In the late eighteenth century no one was admitted to Harvard unless he could “translate the Greek and Latin Authors in common use, such as Tully, Virgil, The New-Testament, Xenophone &c,” understood grammar, wrote correct Latin, and had “a good moral Character.” After an oral and written examination, successful candidates were expected to pay three pounds to the college steward “towards defraying their College Charges,” and to give bond of two hundred ounces of silver for their quarterly college costs (“College Laws of 1655, 1692, and 1767 and College Customs 1734/5,” Col. Soc. Mass., Pubns.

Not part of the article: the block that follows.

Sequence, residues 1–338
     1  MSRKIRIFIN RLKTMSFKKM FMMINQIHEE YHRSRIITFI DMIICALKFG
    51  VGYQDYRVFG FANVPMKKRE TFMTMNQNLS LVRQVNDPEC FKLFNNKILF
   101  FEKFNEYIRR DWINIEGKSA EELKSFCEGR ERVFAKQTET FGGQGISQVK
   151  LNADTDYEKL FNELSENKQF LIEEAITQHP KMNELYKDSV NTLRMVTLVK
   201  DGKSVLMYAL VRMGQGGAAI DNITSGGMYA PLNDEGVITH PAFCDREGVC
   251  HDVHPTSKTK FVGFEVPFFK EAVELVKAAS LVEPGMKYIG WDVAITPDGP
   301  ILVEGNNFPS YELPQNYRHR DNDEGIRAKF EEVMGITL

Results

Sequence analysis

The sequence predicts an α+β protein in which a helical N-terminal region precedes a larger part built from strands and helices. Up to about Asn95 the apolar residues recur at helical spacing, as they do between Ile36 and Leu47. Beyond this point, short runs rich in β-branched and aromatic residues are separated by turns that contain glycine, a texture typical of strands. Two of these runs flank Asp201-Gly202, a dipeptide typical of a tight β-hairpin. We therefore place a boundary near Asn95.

, 31 : 347). Sections from the college laws relating to admission policy are printed on the third page of the four-page document illustrated here. On the second page, otherwise blank, the college steward, Caleb Gannett, attested that the candidate, Adams, had completed the admission procedure. The admittatur was then taken to President Joseph Willard for his signature. Adams seems to have been spared the additional task, assigned candidates of the previous generation, of copying out all the college laws by hand, its completion also certified by the college president in writing.